It’s Black History Month, and I know that was supposed to do a black history month post ages ago, but things are really busy, okay? Besides, February is now #BlackFutureMonth, and, if I’m honest, I have to say that I appreciate the rebranding. It’s more apt, and has an afrofuturisic feel that I really dig.
So for my #BlackFutureMonth post, I’d like to shoutout African creators making bold new art for new spaces. Last year we got a strong start with the establishment of two new speculative fiction literary magazines focused on publishing work from African authors: Omemana and Jalada–the latter of which recent released an “Afrofutures” issue featuring work and commentary from Sofia Samatar, Sheree Renée Thomas, and Ytasha L. Womack, among other awesome creators.
If you go through my archives, you’ll see that I’m a fan of Pumzi, a post-apocalyptic sci-fi short film written and directed by Kenyan filmmaker Wanuri Kahiu. Earlier in the year we got another offering in the form of Miguel Llansó’s Crumbs, an awesomely head-trippy post-apocalyptic superhero yarn starring Daniel Tadesse. Check out the trailer here:
Filmmaker Nosa Igbinedion has decided to give us another superhero joint with his new film Oya: Rise of the Orisha, a superhero film that features not one but TWO African women as protagonists:
Disconnected from the natural essence of Orixa.
Fuelled by hate, war and destruction. This world teeters on chaos.
This world needs change. This world needs Oya: Orixa of the hurricane, goddess of the wind. Step into her world, as Oya goes on a mission to stop a lunatic, intent on killing an innocent.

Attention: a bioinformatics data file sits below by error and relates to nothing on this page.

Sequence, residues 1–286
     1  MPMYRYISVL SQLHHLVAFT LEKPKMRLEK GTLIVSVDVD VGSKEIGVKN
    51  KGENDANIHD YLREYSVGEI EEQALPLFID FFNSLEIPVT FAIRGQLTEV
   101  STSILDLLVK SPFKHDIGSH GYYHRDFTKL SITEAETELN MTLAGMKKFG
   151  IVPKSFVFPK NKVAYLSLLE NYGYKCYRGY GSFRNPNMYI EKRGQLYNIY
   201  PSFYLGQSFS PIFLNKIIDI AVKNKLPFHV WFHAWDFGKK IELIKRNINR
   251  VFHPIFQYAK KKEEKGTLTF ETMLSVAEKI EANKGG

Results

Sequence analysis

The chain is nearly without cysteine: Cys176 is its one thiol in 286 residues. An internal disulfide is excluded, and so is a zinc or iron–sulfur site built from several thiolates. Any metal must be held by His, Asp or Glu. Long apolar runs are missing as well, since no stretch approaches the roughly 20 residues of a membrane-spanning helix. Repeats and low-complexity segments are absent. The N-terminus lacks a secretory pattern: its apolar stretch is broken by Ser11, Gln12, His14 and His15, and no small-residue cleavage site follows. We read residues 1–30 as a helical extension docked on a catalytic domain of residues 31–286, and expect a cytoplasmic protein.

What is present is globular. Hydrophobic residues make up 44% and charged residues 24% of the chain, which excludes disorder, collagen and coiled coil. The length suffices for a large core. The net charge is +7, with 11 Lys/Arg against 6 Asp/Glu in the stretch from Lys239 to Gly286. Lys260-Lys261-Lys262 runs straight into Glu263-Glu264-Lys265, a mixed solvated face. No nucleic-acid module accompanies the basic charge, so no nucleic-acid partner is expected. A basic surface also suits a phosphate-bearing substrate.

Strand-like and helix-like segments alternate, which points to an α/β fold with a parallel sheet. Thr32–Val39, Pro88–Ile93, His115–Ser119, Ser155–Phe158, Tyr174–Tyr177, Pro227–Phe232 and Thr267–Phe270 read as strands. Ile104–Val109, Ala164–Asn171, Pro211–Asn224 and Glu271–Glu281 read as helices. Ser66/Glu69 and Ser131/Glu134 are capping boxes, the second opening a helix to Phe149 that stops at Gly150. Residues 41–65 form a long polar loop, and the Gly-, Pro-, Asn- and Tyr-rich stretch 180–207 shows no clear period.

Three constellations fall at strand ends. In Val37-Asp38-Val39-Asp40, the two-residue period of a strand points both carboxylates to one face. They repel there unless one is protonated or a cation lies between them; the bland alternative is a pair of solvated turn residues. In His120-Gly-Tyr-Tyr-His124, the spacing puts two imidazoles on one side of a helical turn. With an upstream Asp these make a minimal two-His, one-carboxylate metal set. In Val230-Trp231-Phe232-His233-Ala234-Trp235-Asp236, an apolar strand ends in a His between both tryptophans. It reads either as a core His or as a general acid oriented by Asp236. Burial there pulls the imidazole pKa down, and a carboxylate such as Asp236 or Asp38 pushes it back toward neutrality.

If change is to come. Evil must be defeated. The Orixa must rise.
Ororo betta watch out! You can watch the short film here:
Oya: Rise of the Orisha features an accompanying comic book as well, which is already available for pre-order. And since we’re on the subject of comics, Loyiso Mkize’s Kwezi has also been making the rounds. Kwezi is the story of a young man who rediscovers his traditional African roots in the harsh glare of the modern world. Mkize is a globally-acclaimed artist whose work examines African and its people in a fresh, new way that doesn’t forsake the past. It looks like Kwezi is doing the same. Check Kwezi out here.
In gaming, we have Kiro’o Games’ Aurion, Legacy of the Kori-Odan. Set to be released in 2015 on PC (no word for mac…*sigh*), this side-scrolling Action-RPG, you (as protagonists Enzo Kori-Odan and Erine Evou) travel the world in an attempt to reconstruct your royal legacy and reclaim your kingdom after a devastating coup d’état. Featuring lush graphics, a brand new fantasy setting, and some awesome looking gameplay, Aurion looks to be a title to keep your eyes on. Peep the gameplay trailer for Aurion above.
As always, show some love in the comments if you’re a creator (specifically an African creator) who wants to spotlight your work, or you know of some work from an African creator that deserves a bit of shine.